- 1770-1971 (Creation)
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At St Stephens Road, Norwich. The Norfolk and Norwich Hospital was founded in 1771 by William Fellowes of Shotesham Park.
In 1758, Benjamin Gooch, apothecary surgeon of great ability and near neighbour and friend of Fellowes, was asked by Thomas Hayter, Bishop of Norwich, to visit all the great hospitals in London, concerning erecting a general hospital for the County of Norfolk and the City of Norwich jointly. After Bishop Hayter's death in 1762 Fellowes eventually stepped in to 'revive and vigorously prosecute the plan'.
The hospital became a training centre for nurses in 1875.
In 1925 the Norfolk and Norwich Eye Infirmary was amalgamated with the Norfolk and Norwich Hospital and in 1930 a new building was opened for eye, ear, nose and throat patients.
In late 2001 most services left the N&N with the last departments leaving in January 2003 for the new university hospital at Colney.
Arthur J. Cleveland in 'A History of the Norfolk and Norwich Hospital from 1900 to the end of 1946' (Norwich, 1948) includes an interesting chapter (chapter IX) on 'The Nursing Staff'. Dr Cleveland states : In 1900 the staff consisted of a lady superintendent (known after 1906 as the Matron), a superintendent of night nurses whose salary was £40 a year, seven ward sisters, and thirty-eight nurses trained and in training. In addition there was a housekeeper, cook, and twenty maids. After 1906 the housekeeper had to be a trained nurse. There was also a private nursing staff of twenty to thirty, who were in considerable demand for attending patients in their homes. From 1904 trainee nurses were required to undertake three years of training and a fourth year on the private staff. The nurses were accommodated in the Leicester Home (opened in 1903 by the Countess of Leicester) and, as their numbers rose, in Windsor House, 3 Newmarket Road (purchased in 1923 to house 24 night nurses) and in hutments in its garden. In 1932 the situation was much improved when H.M. the Queen opened Queen Alexandra House, which had accommodation for 103 nurses. In 1922 a Sister Tutor was appointed and in 1924 the Government examinations were held by the General Nursing Council, Norwich being one of the selected centres. This standardisation of the requirements for qualification was a much-needed reform. Hitherto each hospital had held its own examinations and awarded its own certificates. In 1929 the Norfolk and Norwich Hospital took over responsibility for the nursing at the Jenny Lind Hospital. In 1933 the Preliminary Training School was established which gave 12 applicants the opportunity to attend a three-month course to see if they were suited to nursing. Shortly after the inception of the National Health Service, the United Norwich Hospitals (Norfolk and Norwich, West Norwich, Jenny Lind and Isolation Hospitals) School of Nursing was established in 1949. The registers listed below relate to nurses who received their training at the Norfolk and Norwich Hospital and (from 1929) at the Jenny Lind Children's Hospital. The later volumes appear to include nurses trained at the United Norwich Hospitals School of Nursing. The first eight nurses' registers (NNH 114/1-8) give the following details for each nurse: name, address, age when began training, dates of joining and leaving the hospital, wards served on, notes on character and progress and sometimes on later career. Some volumes include photographs of individual nurses in their uniforms. The registers are arranged alphabetically by the first letter of surname and chronologically with each letter, with some extra entries at the back. They include letters from nurses later in their career requesting proof of their training and experience.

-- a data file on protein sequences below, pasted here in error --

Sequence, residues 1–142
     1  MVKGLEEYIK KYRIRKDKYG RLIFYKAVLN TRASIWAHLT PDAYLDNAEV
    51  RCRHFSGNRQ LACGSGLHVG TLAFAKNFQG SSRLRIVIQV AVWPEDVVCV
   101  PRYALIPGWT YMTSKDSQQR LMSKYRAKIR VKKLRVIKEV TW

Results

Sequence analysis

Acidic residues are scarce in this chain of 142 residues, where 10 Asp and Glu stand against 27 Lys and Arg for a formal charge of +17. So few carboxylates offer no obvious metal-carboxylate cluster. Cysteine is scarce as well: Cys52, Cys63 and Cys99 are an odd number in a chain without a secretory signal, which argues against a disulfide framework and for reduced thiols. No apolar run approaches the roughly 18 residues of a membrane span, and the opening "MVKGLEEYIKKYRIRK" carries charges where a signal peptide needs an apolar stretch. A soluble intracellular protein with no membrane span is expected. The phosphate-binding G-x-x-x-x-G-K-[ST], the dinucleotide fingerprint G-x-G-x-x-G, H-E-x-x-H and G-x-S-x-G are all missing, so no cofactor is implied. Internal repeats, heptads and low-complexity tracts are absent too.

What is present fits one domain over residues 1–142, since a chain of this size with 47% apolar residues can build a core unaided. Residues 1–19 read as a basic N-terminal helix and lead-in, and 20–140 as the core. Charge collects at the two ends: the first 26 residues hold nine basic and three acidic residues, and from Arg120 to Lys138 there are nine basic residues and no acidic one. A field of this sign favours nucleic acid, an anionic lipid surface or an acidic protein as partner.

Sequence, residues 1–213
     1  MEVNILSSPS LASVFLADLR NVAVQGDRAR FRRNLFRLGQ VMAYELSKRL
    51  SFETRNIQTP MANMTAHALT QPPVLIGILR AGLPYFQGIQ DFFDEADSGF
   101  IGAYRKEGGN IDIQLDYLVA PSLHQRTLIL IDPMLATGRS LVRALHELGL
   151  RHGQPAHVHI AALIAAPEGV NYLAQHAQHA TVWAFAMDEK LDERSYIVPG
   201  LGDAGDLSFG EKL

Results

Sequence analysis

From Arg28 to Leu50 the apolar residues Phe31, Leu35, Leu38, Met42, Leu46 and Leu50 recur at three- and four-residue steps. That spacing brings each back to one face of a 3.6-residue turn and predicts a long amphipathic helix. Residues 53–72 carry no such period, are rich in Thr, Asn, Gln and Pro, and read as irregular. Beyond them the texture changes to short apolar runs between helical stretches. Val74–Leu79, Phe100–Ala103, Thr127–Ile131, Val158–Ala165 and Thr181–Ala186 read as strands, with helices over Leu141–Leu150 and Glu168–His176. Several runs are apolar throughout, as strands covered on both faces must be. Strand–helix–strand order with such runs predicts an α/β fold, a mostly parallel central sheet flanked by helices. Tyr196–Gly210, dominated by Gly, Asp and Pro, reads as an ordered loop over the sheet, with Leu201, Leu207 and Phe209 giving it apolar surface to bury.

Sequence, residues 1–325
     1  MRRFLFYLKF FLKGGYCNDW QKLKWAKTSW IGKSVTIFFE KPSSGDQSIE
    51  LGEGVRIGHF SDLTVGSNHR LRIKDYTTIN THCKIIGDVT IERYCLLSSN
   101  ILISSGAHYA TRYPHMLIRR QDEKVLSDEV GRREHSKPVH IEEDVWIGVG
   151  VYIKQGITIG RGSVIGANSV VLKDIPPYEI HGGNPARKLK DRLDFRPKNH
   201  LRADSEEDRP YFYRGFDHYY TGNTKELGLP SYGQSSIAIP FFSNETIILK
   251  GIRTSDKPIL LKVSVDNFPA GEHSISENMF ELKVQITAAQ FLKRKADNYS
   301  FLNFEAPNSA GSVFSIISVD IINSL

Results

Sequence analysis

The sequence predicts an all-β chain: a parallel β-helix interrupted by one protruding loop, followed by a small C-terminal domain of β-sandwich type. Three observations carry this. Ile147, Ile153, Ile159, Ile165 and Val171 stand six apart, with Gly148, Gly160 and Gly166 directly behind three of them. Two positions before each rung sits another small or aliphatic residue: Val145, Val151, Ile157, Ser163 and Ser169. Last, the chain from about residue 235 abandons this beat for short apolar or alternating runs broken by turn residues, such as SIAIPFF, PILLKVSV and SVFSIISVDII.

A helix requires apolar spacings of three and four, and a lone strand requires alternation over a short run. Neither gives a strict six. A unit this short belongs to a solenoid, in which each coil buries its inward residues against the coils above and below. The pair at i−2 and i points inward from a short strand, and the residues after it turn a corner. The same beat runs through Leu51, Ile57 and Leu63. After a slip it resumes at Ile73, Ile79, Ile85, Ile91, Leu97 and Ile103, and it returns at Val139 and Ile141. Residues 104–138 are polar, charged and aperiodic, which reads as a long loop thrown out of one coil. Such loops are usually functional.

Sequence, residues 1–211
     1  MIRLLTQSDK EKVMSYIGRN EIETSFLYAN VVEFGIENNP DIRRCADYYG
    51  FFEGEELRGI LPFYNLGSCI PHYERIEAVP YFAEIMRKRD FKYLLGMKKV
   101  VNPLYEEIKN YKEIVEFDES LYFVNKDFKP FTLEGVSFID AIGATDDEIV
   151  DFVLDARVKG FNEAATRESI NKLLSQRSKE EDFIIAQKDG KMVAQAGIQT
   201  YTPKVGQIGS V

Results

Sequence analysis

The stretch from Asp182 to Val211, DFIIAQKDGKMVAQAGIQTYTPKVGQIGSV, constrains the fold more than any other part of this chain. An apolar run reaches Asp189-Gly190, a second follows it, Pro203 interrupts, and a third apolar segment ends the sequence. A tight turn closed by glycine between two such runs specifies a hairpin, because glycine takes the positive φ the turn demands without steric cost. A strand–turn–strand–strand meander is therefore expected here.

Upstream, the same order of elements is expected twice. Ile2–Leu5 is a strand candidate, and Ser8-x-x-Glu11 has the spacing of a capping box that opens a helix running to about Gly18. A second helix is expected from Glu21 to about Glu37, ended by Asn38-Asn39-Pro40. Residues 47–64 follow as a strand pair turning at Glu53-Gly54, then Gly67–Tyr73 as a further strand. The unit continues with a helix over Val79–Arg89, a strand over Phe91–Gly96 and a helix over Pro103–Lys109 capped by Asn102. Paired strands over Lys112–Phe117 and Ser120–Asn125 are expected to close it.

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Received by the Norfolk Record Office on 4 December 2009 (ACC 2009/272 numbered NNH 14/13, NNH 15/20, NNH 60/5, NNH 64/16-18, NNH 65/34-37, NNH 117/1). List amended December 2009 (JW).
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Includes records from the Jenny Lind Infirmary/Hospital and the Norfolk and Norwich Eye Infirmary.
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